These are best practices that I’ve collected over the years. The list is highly personal and specific to an organisation. This list is meant as inspiration, feel free to pick and choose whatever works best for you.
Email best practices
- Define when to use cc / reply all
- Define when to add people to “to:” and “cc:”
- Define when to send a chat and when to send an email
- Encourage redirecting (forwarding) emails to colleagues who are more suitable to respond to an email
- Do not send emails outside of working hours. If you have to, send emails with a delay to 8 AM the next morning.
- Do not email direct reports outside of working hours even if you have had a busy day and are finally finding time to send out emails in the evening since for your reports it can cause unnecessary stress. When your team sees an email come in late at night, they will probably think it’s important and feel the need to reply
- Do not work from your inbox all day, unless you’re in support or sales. Instead work from a list of tasks, and add email with larger tasks on the task list. This way, you can work in order of priority instead of the time an email arrives in the inbox.
Chat (Teams/Slack/Google Chat) best practices
- Use channels/groups to share urgent or time-sensitive information. If it’s a FYI, send an email instead with FYI in the subject line
- Don’t bump-up lower-tier messages (“have you seen my email from this morning?”). Needing to bump up a non-urgent email message implies you’ve used the wrong medium in the first place, since you require an answer or acknowledgement faster than the expected response time for an email.. If however, you’re bumping up a message about which the urgency has escalated, then feel free to bump the message up. The rule of thumb should be don’t move from async to sync unless absolutely necessary
- Mark all messages unread daily/weekly in Slack to stay up-to-date. In Slack you can mark all messages as read with Shift + Esc
Meeting and call scheduling best practices
- Internal meetings: if you're the host, realise you are deciding the agenda. Move on if a decision has been made, or if you are not going to reach one in the allotted time. Invite your team to keep track of time & kindly request you to move on to the next topic if time is slipping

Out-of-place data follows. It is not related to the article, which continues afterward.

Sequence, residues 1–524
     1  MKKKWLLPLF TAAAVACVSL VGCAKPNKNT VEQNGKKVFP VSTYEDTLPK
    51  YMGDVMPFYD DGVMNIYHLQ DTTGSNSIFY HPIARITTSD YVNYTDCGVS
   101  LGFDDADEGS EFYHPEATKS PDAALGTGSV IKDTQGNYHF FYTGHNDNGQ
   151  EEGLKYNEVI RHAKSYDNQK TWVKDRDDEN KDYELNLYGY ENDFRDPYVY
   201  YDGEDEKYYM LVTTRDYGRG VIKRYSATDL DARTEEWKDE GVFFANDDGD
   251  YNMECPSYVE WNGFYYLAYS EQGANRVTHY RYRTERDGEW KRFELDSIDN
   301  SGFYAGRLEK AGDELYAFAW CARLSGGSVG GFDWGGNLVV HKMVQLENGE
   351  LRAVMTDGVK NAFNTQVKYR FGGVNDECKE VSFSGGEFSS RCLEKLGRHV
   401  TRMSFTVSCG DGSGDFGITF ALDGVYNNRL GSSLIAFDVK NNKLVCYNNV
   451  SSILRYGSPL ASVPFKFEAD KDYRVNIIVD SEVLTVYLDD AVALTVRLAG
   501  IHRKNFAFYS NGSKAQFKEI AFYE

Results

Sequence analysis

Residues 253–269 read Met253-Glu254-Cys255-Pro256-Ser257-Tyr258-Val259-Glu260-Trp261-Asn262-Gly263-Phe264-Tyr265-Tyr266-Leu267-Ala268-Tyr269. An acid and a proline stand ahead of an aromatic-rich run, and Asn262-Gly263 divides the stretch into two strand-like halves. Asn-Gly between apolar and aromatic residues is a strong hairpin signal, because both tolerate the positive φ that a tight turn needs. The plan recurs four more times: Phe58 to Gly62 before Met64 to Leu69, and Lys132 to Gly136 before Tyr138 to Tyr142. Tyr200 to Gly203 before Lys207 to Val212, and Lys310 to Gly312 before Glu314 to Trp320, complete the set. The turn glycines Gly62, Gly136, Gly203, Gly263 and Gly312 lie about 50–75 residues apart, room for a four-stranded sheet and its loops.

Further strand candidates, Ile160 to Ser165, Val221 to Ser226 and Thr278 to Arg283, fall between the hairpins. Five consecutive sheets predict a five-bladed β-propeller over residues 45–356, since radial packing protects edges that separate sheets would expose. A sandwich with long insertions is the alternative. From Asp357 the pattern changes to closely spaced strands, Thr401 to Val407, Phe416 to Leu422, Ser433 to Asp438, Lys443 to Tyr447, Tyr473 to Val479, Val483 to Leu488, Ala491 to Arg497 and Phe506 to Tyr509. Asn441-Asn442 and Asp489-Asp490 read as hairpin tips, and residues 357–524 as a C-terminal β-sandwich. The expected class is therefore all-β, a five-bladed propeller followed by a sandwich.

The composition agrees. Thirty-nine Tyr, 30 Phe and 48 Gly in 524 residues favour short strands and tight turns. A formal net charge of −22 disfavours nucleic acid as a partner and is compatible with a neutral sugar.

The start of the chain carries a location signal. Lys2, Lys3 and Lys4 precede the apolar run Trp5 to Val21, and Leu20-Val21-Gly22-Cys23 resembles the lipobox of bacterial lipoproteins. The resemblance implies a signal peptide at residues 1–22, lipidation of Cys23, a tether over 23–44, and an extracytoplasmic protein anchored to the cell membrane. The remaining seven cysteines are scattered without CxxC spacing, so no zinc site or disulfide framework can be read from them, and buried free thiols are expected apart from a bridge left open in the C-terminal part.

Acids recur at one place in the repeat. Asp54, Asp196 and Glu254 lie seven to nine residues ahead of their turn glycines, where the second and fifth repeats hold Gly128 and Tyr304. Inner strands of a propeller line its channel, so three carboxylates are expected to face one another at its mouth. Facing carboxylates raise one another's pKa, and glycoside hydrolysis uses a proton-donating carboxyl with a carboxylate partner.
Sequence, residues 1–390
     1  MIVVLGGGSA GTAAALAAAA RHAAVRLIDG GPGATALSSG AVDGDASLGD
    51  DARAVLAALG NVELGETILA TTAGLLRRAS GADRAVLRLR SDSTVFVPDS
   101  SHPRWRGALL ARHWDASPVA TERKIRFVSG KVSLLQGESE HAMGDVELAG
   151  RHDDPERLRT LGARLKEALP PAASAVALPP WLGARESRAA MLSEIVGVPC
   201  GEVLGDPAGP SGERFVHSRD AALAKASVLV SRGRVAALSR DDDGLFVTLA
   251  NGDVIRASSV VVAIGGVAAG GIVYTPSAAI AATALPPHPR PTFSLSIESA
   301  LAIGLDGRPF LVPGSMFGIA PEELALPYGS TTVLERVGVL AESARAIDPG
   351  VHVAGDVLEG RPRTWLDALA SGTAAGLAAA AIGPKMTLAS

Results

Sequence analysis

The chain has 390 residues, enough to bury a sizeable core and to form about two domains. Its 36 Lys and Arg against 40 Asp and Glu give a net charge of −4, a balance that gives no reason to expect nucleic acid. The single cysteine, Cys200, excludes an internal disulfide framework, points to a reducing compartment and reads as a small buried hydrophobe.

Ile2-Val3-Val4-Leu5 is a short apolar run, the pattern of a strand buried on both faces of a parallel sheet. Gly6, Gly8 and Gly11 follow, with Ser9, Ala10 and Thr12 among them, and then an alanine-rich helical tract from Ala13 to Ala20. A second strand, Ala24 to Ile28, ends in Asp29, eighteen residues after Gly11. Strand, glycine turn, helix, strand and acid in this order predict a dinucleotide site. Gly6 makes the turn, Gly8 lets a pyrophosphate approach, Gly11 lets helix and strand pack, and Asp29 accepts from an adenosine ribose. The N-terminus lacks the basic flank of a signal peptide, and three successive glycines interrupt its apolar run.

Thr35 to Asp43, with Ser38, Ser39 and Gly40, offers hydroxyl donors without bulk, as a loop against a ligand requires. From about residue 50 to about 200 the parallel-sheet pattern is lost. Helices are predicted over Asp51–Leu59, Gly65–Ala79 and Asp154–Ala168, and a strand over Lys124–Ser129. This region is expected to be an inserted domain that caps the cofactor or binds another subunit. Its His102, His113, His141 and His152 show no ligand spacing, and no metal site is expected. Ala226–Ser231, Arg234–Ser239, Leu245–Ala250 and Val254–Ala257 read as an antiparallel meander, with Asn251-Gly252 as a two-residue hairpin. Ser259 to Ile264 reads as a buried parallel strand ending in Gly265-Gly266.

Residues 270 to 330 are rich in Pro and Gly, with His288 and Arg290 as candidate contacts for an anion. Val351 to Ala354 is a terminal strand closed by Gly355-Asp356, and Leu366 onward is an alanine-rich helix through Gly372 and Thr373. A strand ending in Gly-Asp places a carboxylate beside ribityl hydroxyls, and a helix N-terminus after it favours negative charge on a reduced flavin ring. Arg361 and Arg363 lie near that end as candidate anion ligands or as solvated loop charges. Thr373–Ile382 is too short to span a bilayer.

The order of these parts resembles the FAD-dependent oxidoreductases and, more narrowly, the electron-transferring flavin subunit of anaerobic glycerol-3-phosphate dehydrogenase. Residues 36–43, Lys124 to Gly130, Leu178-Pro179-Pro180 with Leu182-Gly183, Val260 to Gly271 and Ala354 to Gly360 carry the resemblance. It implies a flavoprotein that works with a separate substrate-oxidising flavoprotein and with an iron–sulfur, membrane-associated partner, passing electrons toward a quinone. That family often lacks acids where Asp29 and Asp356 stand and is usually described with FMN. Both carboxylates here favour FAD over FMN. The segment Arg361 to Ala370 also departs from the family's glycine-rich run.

- Only invite attendees that are relevant to the meeting and only attend meetings that are relevant to you. Feel free to excuse yourself and leave a meeting early if the topic moves on, away from something that is relevant to you
- Use the ‘optional’ button when unsure if someone should be in the meeting
- If you’re the owner of a recurring meeting - check it periodically and remove people that are no longer relevant
- It should be mandatory that each meeting has a meeting agenda
Meetings / calls best practices
- Always send out meeting notes afterwards so people dont feel that they have to attend the meeting to stay updated
- Be on time for meetings and end them on time
- Make sure you set a desired outcome and agenda for a meeting in advance And share it with those that you expect to attend
- Send and ask for questions / topics beforehand. Some items could be agreed in the email and will save time
- If action points or tasks are discussed, write the tasks down in a task manager and/or confirm by sending the meeting notes with the tasks included over email. With this email, you’re signalling that you’re on top of things.
- Discourage impromptu meetings (unless it’s social). If someone drops in for a chat, explain that you’d love to help them, but not now. Schedule a chat/meeting at a mutually convenient time
- Designate meeting free and focus blocks in your calendar and encourage others to do the same
WhatsApp best practices
- Don’t send messages on WhatsApp. It’s distracting and opens the door to continuous real-time communication
- Only use this in case of emergency. An emergency should happen once every quarter at most. If you find you are having constant emergencies, then you should look deeper into the problem - it’s likely that something has to change further up the communication hierarchy.
Creating communication guidelines that work for your organisation is highly personal. I advise you to have a brainstorming session to discuss what works for your team.
Start out small and create a living document. If you overdo it, the team won’t use it. Better to have too few rules than too many rules. Another helpful idea could be to share screenshots of good examples to make the document come to life.
The most important variable to make the communication guidelines work is for the managers and seniors on the team to follow the rules and live by them as well.